ETHNIC BACKGROUND DOES NOT INFLUENCE OUTCOME FOR RETURN-TO-WORK IN WORK-RELATED INTERDISCIPLINARY REHABILITATION FOR LONG-TERM PAIN: 1- AND 3-YEAR FOLLOW-UP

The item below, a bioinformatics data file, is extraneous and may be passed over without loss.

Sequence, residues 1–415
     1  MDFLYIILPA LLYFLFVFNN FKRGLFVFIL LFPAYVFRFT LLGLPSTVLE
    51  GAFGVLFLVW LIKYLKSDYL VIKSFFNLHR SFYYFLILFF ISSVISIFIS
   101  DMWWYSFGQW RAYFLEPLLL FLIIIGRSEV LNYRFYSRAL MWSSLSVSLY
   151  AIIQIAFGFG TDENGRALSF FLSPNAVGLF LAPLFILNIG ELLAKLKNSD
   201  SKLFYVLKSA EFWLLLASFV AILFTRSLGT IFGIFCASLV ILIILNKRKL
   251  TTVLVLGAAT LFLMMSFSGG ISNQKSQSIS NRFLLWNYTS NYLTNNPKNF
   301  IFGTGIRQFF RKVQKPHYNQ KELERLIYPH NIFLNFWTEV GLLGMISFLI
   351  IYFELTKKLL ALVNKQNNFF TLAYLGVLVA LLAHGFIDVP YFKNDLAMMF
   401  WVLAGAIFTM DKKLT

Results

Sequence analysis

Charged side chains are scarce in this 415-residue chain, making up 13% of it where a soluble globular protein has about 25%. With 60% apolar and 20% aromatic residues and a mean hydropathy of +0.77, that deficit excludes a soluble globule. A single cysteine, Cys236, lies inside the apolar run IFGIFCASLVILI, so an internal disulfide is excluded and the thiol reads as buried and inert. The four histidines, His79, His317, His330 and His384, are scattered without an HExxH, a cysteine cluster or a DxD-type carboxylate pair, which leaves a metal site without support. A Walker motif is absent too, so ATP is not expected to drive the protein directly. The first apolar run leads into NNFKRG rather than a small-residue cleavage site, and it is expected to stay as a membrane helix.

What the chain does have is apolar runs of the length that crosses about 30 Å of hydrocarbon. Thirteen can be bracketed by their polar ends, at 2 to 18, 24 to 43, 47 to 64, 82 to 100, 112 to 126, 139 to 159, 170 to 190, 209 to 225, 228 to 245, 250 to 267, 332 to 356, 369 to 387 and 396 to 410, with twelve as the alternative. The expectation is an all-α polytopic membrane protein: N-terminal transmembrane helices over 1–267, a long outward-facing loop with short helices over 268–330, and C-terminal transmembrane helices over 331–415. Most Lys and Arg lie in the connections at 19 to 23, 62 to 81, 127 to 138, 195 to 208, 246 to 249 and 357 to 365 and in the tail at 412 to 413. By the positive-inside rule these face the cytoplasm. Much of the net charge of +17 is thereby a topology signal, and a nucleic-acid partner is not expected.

Background: It is often suggested that immigrants with long-term pain do not benefit from rehabilitation to the same extent as native Swedish patients. In this study, an 8-week rehabilitation programme was evaluated according to its adaptation for immigrants. Objectives: To establish whether there is a difference between immigrants and native Swedes concerning: (i) return-to-work, the patients' own estimation and their actual ability; (ii) higher level of activity; (iii) reduction in pain and analgesic use. Patients. A total of 67 patients with persistent non-malignant pain completed the rehabilitation programme. Thirty (45%) of the patients were immigrants. Methods: A 1- and a 3-year follow-up were made to compare the outcome between the 2 groups. Results: There was no significant difference in the return-to-work rate between immigrants and native Swedes. However, the patients' prediction of their ability to return to work was higher among the non-immigrants. The level of activity was lower and pain intensity and use of analgesics were higher among the immigrants than the non-immigrants. Conclusion: Immigrants can benefit from a rehabilitation programme to the same extent as native Swedes concerning return-to-work rate, but seem to have limitations in assimilating the other objectives of the programme.
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